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When CSU graduate student Nicole McMahon was mulling over where, geographically, she would focus her thesis research in seismology, she chose to study earthquakes in Oklahoma. There were personal factors to her decision: She completed her undergraduate degree at the University of Oklahoma, her parents live in the Sooner State, and her sister enrolled this year at Oklahoma State University.
But she also knew that the state had recently become a hotbed of earthquake activity that would make for an interesting and important thesis.
In October 2015, a magnitude 4.5 quake struck not far from Cushing, Okla., but that was not as surprising as it might sound. Quakes of this size — and even larger ones — had been forecast by McMahon, CSU Professor Rick Aster, and scientists from the U.S. Geological Survey, Oklahoma State University, Saint Louis University, and Global Seismological Services.
According to the team’s research, published online earlier in October, “… very strong shaking levels … present the possibility of this potential earthquake causing moderate to heavy damage to national strategic infrastructure and local communities.” The statement was prescient and just a bit eerie.
Cushing is a major hub of the U.S. oil and gas pipeline transportation system and it is also one of the largest oil storage facilities in the world. An earthquake sequence that accelerated during October 2014 reactivated an intersection of structures within a fault zone, and the rest, as they say, is history.
Another earthquake, this one measuring 3.7 magnitude, took place Nov. 8.
“You’ve got faults in ancient rocks below the oil-producing formations that have been stressed, but inactive for many thousands, or even millions, of years,” said Aster, who heads the Department of Geosciences in CSU’s Warner College of Natural Resources.
“You then inject billions of gallons of wastewater from hydrocarbon production into deep earth formations.
While this can generally be a reasonable way to dispose of wastewater from energy production, in susceptible regions, this water spreads towards, or into, stressed faults, changing the hydrological and stress conditions. When you pressurize faults in this way it reduces the confining force that restrains them from slipping. That’s essentially why ancient faults are slipping and causing earthquakes in a number of regions across Oklahoma,” he said.
Aster is describing what creates an induced earthquake: a seismic event that would not have occurred without human influence, or at least not at today’s tremendously accelerated rates.
“THIS IS AN IMPORTANT TIME IN LOOKING AT AND UNDERSTANDING THE PROCESSES THAT THAT ARE DRIVING AN ACCELERATION OF HUMAN-CAUSED EARTHQUAKES IN OKLAHOMA. AT THE SAME TIME, WE ARE LEARNING ABOUT AND DEVELOPING NEW METHODS THAT WILL ADVANCE BASIC INDUCED AND NATURAL EARTHQUAKE SCIENCE IN A NUMBER OF IMPORTANT DIRECTIONS.”
It has long been known that induced earthquakes can be caused by filling reservoirs and by the injection or withdrawal of fluids into or from the earth. But Oklahoma has recently become the most remarkable induced earthquake laboratory on the planet.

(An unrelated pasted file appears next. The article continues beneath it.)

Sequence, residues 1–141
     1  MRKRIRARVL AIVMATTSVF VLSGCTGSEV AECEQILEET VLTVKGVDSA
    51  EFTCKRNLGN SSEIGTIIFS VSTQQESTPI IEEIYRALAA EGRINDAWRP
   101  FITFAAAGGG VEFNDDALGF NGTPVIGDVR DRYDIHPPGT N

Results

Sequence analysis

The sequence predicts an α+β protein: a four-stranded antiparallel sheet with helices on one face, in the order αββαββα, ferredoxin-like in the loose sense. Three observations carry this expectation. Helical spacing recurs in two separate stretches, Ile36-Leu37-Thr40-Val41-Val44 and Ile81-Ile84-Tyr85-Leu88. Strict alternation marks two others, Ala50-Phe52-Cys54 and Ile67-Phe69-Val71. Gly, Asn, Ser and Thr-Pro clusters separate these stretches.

“This is an important time in looking at and understanding the processes that are driving an acceleration of human-caused earthquakes in Oklahoma,” Aster said. “At the same time we are learning about and developing new methods that will advance basic induced and natural earthquake science in a number of important directions.”
Aster said that what is occurring in Oklahoma is a manageable problem, and Colorado provides a great example of effective management that is among the best in the nation.
“We need to establish and maintain scientifically informed and effective regulation that works with citizens and with oil-producing and water disposal industries,” he said.
“Oklahoma is now trying to put the dragon back into the cage, but there are some promising steps there as well. Regulatory actions related to the Cushing situation are hopefully a tipping point towards better regulating wastewater injection,” he continued. “There are definitely areas where you shouldn’t inject wastewater, including when you have large faults near important infrastructure. These huge facilities store up to one day’s use of oil for the entire planet.”
Oklahoma is experiencing a record-breaking year in its number of earthquakes. As of October 2015, the state already had surpassed 2014 figures, McMahon said.
She’s now conducting a detailed study of the aftershock sequence that took place
in Prague, Okla. in November 2011. “That quake, the largest in the state’s history, was felt in 17 states,” she said.
Through this research, McMahon has created a new, more precise way to detect, locate and analyze large numbers of smaller earthquakes. She teamed up on this project with U.S. Geological Survey researchers based in Golden.
“Nicole is looking at this process in unprecedented detail, and we’re getting to the point where we can begin some level of operational earthquake forecasting,” Aster said.
“This essentially allows us to better identify seismically active regions and to make statistical estimates of earthquake behavior in a manner that is a bit like what meteorologists do for weather reporting. This is a good step forward in our ability to monitor earthquakes and advance public safety.”
Aster said this type of research could ultimately have a tremendous impact in the way we monitor earthquakes near oil fields, natural fault zones, and perhaps even nuclear test sites located around the world.
In the meantime, McMahon said her family members frequently feel tremors in the Sooner State. When they text her with news of a possible quake, she verifies what took place using U.S. Geological Survey data as well as her own smarts.